Things to Know About Dogs and Water Intoxication

Do you have a dog who loves to swim, retrieve in the water, chase waves, chomp at white caps, run in river streams, play in the sprinklers or catch water from the hose in your backyard?  If so, you should be aware of water intoxication.  Although rare, water intoxication is a life-threatening condition and knowing the risks and how to avoid it, could save your dog’s life.

Water intoxication occurs when more water has been consumed than the body can process.  The increase in water causes an extreme drop in sodium, changing the balance of electrolytes needed for nerve and muscle function.  Low sodium in the blood is referred to as hyponatremia.  The excess water and severe drop in sodium causes cells in the body and brain to swell.  If medical attention isn’t received, the result can be permanent brain damage or loss of life.

Some Signs of Water Intoxication Include

  • Loss of coordination
  • Staggering or “drunk walking”
  • Excessive drooling
  • Pale gums
  • Vomiting
  • Lethargy
  • Dilated pupils or glazed eyes
  • Difficulty breathing
  • Collapse
  • Seizures
  • Coma

What to Do if Your Dog is Showing Signs of Water Intoxication

  • Act fast! Call your veterinarian and immediately head to an emergency center with your dog.
  • When arriving at the emergency center, explain that your dog may have water intoxication—the condition may be misdiagnosed if the veterinarian isn’t aware that your dog may have recently ingested excessive amounts of water.

How to Avoid Water Intoxication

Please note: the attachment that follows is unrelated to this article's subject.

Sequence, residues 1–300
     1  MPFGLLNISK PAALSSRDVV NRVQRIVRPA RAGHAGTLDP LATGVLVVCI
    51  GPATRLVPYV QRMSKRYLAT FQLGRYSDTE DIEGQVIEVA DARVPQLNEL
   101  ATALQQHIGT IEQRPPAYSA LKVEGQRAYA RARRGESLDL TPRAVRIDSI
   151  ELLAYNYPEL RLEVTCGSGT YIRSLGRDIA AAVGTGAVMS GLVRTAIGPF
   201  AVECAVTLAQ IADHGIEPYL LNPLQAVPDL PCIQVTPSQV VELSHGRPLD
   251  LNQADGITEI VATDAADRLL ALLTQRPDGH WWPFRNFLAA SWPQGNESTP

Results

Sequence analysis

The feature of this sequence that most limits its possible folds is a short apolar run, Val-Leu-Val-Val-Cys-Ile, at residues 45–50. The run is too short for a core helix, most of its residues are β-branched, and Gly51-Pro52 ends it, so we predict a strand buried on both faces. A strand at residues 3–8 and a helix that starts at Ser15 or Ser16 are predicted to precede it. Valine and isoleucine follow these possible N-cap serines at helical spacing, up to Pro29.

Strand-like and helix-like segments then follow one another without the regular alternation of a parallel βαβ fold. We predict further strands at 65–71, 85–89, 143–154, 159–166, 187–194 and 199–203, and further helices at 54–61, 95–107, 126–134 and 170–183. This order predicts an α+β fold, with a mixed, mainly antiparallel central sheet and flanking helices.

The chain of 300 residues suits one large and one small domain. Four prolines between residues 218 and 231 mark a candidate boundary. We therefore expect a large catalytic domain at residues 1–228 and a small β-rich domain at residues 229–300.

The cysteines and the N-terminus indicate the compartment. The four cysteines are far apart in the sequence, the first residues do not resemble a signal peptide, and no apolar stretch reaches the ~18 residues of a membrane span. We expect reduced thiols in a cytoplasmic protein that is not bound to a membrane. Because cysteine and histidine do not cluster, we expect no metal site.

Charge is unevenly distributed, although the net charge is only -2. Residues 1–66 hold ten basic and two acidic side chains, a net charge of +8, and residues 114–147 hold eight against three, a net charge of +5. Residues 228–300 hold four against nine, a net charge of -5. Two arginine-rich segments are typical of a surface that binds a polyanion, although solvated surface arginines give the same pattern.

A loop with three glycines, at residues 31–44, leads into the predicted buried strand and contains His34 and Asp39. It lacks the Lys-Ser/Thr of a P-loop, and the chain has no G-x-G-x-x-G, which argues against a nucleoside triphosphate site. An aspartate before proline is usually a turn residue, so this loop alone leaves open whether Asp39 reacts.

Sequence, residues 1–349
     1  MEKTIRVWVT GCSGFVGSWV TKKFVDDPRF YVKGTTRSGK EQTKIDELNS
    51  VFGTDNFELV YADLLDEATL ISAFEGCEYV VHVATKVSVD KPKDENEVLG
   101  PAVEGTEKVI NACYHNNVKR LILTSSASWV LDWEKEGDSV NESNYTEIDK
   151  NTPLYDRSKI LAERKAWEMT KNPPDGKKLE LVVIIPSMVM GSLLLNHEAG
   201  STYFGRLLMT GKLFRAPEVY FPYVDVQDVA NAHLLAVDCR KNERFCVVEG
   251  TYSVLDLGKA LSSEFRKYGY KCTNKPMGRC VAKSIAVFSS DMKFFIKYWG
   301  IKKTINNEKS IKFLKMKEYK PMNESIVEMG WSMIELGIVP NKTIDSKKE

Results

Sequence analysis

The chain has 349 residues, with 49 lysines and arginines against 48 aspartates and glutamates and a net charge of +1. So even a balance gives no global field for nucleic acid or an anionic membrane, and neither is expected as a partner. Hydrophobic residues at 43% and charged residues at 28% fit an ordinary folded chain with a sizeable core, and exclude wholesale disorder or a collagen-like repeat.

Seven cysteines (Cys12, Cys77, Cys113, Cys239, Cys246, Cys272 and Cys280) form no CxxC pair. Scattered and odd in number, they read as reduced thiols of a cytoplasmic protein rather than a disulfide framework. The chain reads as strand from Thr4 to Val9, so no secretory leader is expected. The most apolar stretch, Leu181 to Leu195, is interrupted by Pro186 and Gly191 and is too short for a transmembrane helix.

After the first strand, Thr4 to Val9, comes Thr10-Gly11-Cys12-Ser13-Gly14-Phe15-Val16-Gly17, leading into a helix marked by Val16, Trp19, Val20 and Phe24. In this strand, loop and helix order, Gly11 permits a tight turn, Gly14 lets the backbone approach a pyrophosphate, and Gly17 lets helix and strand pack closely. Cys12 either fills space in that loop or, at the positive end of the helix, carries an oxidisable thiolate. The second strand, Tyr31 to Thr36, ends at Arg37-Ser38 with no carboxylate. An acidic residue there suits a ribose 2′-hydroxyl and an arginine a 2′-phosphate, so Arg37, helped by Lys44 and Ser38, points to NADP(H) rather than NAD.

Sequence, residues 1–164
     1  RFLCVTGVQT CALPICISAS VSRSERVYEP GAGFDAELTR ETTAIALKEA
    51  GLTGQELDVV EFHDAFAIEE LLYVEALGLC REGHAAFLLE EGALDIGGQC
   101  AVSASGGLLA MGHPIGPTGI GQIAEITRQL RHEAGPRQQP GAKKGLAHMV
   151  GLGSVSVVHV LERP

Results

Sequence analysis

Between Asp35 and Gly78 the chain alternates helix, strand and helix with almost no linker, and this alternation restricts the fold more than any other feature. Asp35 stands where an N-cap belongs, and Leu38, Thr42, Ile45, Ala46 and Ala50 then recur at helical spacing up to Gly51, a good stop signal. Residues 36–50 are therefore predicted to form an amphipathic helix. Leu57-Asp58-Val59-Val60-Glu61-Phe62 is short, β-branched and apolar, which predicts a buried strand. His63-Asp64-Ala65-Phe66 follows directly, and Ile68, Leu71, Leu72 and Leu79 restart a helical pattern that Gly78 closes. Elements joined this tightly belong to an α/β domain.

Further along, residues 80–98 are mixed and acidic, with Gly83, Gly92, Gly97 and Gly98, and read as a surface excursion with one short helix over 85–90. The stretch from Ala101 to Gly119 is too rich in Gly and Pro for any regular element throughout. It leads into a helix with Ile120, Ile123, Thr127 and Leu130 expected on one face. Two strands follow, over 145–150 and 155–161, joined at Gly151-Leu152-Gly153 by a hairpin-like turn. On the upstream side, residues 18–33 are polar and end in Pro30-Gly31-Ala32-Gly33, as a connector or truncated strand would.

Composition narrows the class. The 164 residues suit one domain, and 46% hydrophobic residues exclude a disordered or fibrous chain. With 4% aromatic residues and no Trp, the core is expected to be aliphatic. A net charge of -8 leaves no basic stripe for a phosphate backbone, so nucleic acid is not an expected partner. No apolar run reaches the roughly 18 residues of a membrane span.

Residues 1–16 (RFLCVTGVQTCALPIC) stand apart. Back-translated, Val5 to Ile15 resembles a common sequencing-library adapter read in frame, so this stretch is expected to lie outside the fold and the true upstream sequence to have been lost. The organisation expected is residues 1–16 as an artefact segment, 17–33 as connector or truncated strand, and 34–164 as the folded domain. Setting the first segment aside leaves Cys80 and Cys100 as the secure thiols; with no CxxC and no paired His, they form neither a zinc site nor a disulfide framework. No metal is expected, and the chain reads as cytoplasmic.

To avoid water intoxication, monitor your dog closely during water activities, or while participating in water sports, and ensure that they rest regularly.  Frequent breaks from swimming or playing in the water will allow your dog’s body to recover and decrease the risk of water intoxication.

Dogs at a higher risk include small dogs, whose bodies can reach max capacity more quickly than larger dogs, and physically fit dogs, whose bodies have less fat tissue to absorb the excess fluids.  Also keep a close eye on young or high-energy dogs who are not quite able to self-regulate their play or swim time.  Some dogs will even become obsessive and will continue to swim or play until their access to the pool, river, lake, hose, etc. is interrupted or discontinued.

Does this mean your dog shouldn’t go swimming or play with water?  Of course not!  Your dog should be allowed to do what they love!  However, play and exercise that involves water simply requires additional supervision and care to help keep your dog safe.  All good things in moderation!


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